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sale2Volunteers are busy sorting and organizing thousands of donated books for the Friends of the Scarsdale Library Annual Book Sale that begins Friday, September 8, with a Friends' Preview and continues through Sunday, September 17. Buyers should stock up this year as the sale will be on hiatus for a couple of years during the planned renovation and upgrading of the library. The Friends will stop accepting donations this Friday, August 25.

Current and out-of-print books, including bestsellers, classics, biographies, fiction, parenting, cooking, art, graphic novels, humor, travel, self-help, drama, religion, philosophy, poetry, history, political science, and business will be available. There is also a large selection of children's books, DVDs, CDs, LPs, audiobooks and sheet music. A special attraction is the large category of highly collectible books, rare books, limited and first editions as well as autographed copies. Proceeds from the sale help fund library programs and key services.

The opening evening Friends' Preview on September 8 from 6 to 9 p.m. is open to members of the Friends. New members may join at the door for $25. Only cash and checks are accepted for the sale, no credit cards.

As the sale progresses, the price of books is reduced. The schedule is:

sale1Regular Sale - Saturday, Sept. 9, from 9 a.m. to 4:30 p.m. and Sunday, Sept. 10, Monday, Sept 11, and Tuesday, Sept 12, from 11 a.m. to 8 p.m.

Half-Price Sale – Wednesday, Sept. 13, from 11 a.m. to 8 p.m.; Thursday, Sept. 14, 11 a.m. to 5 p.m. and Friday, Sept. 15, 11 a.m. to 4:30 p.m.

Blow-Out Sale – Saturday, Sept. 16, 9 a.m. to 4:30 p.m. and Sunday, Sept. 17, 11 a.m. to 4 p.m.

The Scarsdale Library is located at 54 Olmsted Road, corner Route 22, Scarsdale. For additional information goes to scarsdalelibrary.org/friends.

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leafvacuumDid you know that Scarsdale Village code prohibits leaf piles in the street? Why? Because leaf piles can cause a multitude of problems – blocking walkways and fire hydrants, becoming a slippery hazard to pedestrians and drivers, creating visual obstructions and clogging storm drains and catch basins.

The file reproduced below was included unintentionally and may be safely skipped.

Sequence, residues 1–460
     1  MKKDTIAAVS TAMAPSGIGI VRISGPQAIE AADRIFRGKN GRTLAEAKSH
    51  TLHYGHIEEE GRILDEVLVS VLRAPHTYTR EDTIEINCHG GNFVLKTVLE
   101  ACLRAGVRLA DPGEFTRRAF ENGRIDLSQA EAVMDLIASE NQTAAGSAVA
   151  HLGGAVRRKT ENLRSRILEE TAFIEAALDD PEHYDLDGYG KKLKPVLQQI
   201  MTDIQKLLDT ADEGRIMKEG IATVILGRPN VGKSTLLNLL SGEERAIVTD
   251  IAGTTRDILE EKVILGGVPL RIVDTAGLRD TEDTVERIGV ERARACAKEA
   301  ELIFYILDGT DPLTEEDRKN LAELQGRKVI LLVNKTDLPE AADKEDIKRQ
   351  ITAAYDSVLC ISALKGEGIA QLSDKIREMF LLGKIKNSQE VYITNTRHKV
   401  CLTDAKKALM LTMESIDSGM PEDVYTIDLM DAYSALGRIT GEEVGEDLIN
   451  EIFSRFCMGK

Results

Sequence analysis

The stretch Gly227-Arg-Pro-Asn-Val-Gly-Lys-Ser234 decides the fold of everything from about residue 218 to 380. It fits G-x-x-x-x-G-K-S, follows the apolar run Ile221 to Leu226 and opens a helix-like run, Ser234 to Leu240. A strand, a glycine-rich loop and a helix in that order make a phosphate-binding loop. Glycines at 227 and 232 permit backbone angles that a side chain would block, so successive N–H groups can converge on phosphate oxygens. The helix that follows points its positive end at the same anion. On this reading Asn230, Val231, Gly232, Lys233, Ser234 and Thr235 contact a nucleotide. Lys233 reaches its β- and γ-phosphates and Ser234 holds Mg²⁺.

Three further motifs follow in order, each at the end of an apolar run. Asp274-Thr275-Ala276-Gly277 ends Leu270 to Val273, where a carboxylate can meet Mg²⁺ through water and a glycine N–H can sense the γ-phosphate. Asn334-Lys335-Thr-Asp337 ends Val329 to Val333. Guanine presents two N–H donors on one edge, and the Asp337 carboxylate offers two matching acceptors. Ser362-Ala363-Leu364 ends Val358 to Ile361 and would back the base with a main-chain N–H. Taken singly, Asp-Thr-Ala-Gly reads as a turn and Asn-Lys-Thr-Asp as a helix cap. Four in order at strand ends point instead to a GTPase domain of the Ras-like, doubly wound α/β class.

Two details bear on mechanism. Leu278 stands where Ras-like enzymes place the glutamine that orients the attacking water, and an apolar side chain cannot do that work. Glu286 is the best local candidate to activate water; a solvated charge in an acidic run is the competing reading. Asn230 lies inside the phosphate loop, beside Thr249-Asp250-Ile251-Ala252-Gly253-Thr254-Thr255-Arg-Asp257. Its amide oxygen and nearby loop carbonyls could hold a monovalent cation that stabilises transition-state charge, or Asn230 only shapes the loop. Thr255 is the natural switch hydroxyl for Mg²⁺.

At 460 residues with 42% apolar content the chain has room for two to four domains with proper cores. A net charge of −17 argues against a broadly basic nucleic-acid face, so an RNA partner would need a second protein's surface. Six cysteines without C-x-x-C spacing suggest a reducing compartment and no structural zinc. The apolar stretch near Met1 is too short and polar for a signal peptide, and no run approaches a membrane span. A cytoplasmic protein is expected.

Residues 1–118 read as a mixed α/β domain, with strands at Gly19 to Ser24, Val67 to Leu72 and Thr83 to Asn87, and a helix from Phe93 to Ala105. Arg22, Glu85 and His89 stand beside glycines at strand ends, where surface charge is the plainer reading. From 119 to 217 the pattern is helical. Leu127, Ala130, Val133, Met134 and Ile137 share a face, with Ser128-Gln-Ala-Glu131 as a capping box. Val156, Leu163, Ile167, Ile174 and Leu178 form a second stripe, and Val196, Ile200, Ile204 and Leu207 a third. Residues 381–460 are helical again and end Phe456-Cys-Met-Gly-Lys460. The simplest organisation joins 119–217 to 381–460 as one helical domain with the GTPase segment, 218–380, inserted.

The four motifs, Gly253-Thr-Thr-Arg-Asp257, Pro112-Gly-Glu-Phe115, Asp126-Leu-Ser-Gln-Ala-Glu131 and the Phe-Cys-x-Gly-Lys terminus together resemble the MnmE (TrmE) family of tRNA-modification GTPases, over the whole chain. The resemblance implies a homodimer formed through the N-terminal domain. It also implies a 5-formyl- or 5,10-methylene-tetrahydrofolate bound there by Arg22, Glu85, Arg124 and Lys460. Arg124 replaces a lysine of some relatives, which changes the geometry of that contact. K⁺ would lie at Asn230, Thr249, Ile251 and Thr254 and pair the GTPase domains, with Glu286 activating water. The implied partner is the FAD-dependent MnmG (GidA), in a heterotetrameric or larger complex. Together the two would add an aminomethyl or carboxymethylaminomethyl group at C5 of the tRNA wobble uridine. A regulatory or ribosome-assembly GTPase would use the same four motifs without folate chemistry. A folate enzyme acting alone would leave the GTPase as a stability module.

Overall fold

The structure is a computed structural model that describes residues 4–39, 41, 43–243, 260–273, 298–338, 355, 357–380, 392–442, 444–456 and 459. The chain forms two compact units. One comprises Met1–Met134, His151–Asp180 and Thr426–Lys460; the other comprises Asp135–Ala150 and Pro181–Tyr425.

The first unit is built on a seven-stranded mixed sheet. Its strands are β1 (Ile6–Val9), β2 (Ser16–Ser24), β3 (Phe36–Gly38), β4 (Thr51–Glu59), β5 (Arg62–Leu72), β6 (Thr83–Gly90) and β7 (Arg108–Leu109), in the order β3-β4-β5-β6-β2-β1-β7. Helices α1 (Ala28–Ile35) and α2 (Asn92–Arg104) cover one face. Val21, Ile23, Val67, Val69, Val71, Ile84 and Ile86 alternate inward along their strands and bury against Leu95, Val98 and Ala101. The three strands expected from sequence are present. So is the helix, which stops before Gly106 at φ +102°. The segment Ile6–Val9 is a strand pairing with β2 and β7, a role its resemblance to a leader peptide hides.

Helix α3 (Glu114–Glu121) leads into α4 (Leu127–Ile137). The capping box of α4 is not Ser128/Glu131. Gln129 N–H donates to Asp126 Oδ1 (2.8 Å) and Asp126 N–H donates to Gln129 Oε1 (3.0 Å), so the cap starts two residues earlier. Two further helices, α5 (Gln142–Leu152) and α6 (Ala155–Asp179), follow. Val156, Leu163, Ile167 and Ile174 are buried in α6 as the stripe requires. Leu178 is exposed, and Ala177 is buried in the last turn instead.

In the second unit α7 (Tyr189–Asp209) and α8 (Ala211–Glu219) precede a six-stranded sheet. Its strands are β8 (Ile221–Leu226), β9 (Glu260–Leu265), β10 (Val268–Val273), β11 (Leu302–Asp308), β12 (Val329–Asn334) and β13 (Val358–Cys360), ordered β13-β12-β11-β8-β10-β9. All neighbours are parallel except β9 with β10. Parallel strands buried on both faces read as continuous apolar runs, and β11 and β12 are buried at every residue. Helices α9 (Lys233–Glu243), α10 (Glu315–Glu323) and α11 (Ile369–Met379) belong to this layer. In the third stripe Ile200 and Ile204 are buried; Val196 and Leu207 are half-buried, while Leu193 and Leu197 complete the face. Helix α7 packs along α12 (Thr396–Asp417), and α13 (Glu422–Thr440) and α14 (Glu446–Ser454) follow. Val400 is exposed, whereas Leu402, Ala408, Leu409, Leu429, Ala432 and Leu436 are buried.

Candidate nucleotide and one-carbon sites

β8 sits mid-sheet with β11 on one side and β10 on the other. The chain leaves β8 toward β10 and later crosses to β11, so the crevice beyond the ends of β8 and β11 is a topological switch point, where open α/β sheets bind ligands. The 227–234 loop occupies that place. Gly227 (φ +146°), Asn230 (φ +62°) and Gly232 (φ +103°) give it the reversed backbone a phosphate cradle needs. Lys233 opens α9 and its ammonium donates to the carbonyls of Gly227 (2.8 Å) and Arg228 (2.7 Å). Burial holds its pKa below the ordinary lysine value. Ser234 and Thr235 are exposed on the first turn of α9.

That's why village code requires that leaf piles should be placed on the grass, near the edge of the curb –and not in the street.

However, this has proven to be difficult to enforce. Gardeners often blow leaves onto the street, onto neighboring properties, onto traffic islands and into the public right of way. Should the village get tougher about enforcing the rules?

That was the subject of a meeting of the Municipal Services Committee of the Scarsdale Village government on August 8, 2017. Public Works Superintendent Benny Salanitro explained that during leaf season, which runs from mid-October to late December, staff from the Highway Department vacuums leaves, and on average does seven pick-ups per location per season.

If twigs, branches or grass clippings are mixed into the leaf piles, they cannot be vacuumed and may damage the vacuum equipment. As an alternative leaves can be put into biodegradable bags which will be collected by the Village.

The Village currently takes several measures to inform residents and landscapers about proper leaf disposal, mailing a flyer of "Do's and Don'ts" to the 408 contractors that are known to work in Scarsdale. In addition the flyer is posted in the newspaper, on the village website and on cable television. If police notice leaf piles in the streets they too assist with enforcement of the rules.

To those who don't comply, warning notices are distributed to homes where leaves are present in the roadway, usually about 300 per year. However, no legal summons have been issued.

At the meeting the Trustees discussed the possibility of stepping up enforcement. Should the Public Works department create "door knockers" to be placed at homes that abuse the policy – or should legal summons be issued to residents and landscapers who pile leaves in the streets? At the conclusion of the meeting, Trustees agreed to ask Village Staff to recommend ways to step up enforcement and reduce the dangers of leaves being piled in the street.

And what has come of the many discussions of mulching in place, i.e. mowing over fallen leaves and leaving the remains on the lawn? For now that discussion and the move to eliminate leaf vacuuming by the Village seems to be on hold. The Cornell Waste Management Institute is currently doing a study to assess the effect of mulch mowing on the tick populations on lawns. The initial study showed no increased incidence of ticks on mulch-mowed lawns. The NYS Department of Health advises that lawns be kept mowed to create a "tick-free zone around your home."